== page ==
Thursday, January 29, 2009

The I in Team

So recently, I've read a couple of blogs that discuss the teamwork aspect of role-playing games. It got me thinking...

D&D was the first role-playing game, and teamwork is definitely built into the game. The character classes are meant to segment party roles and contributions: the magic-user can do really nasty things but has low hp and no armor or combat ability. He relies on the fighter to protect him. Thieves and halflings were the sneaky characters, able to ambush and scout. (One they were added, that is) The assumed goal of the game was exploration, dungeon delving, and the objective in any module you might be running. These goals were for the entire party. The conceit of D&D was that the characters were in fact a party and did things as a party.

Since D&D, there have been untold numbers of rpgs published, and it seems to me that many published in the 90's and now are more heavily focused on individual character goals. I think White Wolf games are especially written this way. Perhaps the champion being old Wraith: the Oblivion, in which your character's desires and unfulfilled needs were stats with mechanical significance on the game play. Another example would be The Riddle of Steel, a (now apparently defunct) indie fantasy game where you get bonus dice if you are acting according to your characters Passion, Destiny, etc. In addition, since most games now seem to be genres other than swords and sorcery, the adventuring party concept is a bit obsolete, and most game books seem to just advise the GM to find some way to rope the characters into getting and staying together. Hell, some game books actually have to devote sections to how to do just that. There are obviously exceptions to this, (most superhero rpgs assume an adventuring party of sorts, modeled after super teams like the X-Men or the Avengers or the Justice League or whatnot) but the underlying assumption in many games I've played in the past decade is "you design the exact character you want and let the GM worry about keeping you together."
I'm sure many of us have played in or run campaigns where the only reason the characters are staying together are because the players are all playing the same game. In some cases, the game setting actually enforces this: if you've got it, take a look at Mage: the Ascension 2nd edition. There are nine magical traditions the characters can belong to (well, more than that if the ST wants to break the default campaign mode, but let's not split hairs) and none of them fucking like each other. If you read through each group, it dislikes, distrusts, totally hates, or barely tolerates each of the other groups. Ditto for Vampire the Masquerade. Now, in your classless system, you can design characters that don't need each other, plus the core book says they don't like each other.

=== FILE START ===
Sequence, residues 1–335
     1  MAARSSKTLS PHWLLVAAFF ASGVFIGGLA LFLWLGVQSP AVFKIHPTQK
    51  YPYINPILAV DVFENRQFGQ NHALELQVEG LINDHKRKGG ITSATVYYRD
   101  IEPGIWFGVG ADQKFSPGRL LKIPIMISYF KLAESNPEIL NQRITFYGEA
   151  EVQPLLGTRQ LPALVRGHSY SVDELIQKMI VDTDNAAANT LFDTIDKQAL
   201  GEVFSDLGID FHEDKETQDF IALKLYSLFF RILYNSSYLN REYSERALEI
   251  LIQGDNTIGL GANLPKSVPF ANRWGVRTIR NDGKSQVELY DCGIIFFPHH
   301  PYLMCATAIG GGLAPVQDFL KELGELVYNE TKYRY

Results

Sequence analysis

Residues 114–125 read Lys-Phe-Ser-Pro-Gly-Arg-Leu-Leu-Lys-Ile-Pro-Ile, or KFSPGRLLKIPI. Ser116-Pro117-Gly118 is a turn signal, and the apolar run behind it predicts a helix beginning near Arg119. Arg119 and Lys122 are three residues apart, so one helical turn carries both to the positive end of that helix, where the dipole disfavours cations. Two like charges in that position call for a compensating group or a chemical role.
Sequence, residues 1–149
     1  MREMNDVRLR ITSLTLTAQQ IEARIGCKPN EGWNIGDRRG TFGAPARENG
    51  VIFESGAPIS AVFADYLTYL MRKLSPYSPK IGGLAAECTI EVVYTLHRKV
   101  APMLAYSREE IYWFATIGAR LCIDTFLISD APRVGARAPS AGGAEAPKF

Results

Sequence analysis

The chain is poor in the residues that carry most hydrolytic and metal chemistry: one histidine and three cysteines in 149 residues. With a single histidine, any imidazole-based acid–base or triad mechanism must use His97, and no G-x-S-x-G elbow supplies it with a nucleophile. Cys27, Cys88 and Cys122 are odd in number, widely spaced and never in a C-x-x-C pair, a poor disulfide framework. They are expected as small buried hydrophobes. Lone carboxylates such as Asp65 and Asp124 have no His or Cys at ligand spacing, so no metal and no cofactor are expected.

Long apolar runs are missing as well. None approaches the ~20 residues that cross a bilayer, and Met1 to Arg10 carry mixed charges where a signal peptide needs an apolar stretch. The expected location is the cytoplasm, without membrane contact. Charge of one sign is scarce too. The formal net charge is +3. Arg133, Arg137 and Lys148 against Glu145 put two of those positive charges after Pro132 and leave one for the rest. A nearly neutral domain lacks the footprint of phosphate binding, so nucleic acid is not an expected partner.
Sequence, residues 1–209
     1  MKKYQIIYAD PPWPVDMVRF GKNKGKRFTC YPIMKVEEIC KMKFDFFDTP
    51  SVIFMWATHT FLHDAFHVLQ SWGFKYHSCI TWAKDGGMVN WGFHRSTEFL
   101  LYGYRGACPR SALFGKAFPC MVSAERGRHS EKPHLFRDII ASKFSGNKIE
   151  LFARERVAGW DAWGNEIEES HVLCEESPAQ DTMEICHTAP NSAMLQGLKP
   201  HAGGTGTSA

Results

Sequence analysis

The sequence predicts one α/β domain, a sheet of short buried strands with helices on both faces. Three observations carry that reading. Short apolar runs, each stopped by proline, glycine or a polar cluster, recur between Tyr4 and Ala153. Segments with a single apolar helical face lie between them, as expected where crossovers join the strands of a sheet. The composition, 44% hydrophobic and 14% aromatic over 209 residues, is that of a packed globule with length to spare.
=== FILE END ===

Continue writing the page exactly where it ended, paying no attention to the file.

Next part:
The result? Most White Wolf games I've been in, with one or two exceptions, have crumbled as the party splintered into factions or just outright refuse to work with one another. I realize that any element of the setting can be rewritten or ignored at my option, but I think this setup does instill players with certain assumptions about how the game is played, especially if this kind of game is their first experience with gaming. (Tangent: I'd say Vampire is the second most common "first game" among gamers I've known, the most common being some incarnation of D&D.)
I think it's exacerbated by the fact that, by default, the characters sort of have to stay together because otherwise the GM is running two or three or more mini-campaigns at the same time, resulting in sections of the group sitting idle while the others get their turn interacting with the GM.

I've also found that, across a variety of gaming circles, this approach to gaming gets the players thinking that the campaign is a story about their character, with the other players' characters being supporting cast. When every player around a table gets thinking that way, that-sa no good for anyone involved. (And some games these days actively emulate the feel of a TV show or movie, which further encourages these assumptions.) Unless the group is specifically gunning for a competitive campaign where the characters are supposed to be opposing one another, the style of competing agendas is nobody's friend.

Now maybe it seems like I'm up on a soapbox, but that's not my intention. This entry isn't supposed to be me preaching Old School Forever or the One True Way or What's Wrong With the Hobby Today or Some Other Concept That Gets Wrongfully Capitalized. Rather, I'm just sharing my experiences in having played and run these games with a variety of players and GMs. If you want to play competitively, that's coo'. If you dig games that don't force the assumption of shared goals on the players a la dungeon delvin' D&D, gravy. I've just noticed that campaigns where the characters don't have a shared goal or mission, but are rather set upon a GM-created plot (or even a sandbox) with a laundry list of character-exclusive goals or competing agendas tends to 1.) not be very enjoyable after awhile, and 2.) tends to fall apart without any satisfactory closure. Your mileage, as they say, may vary.

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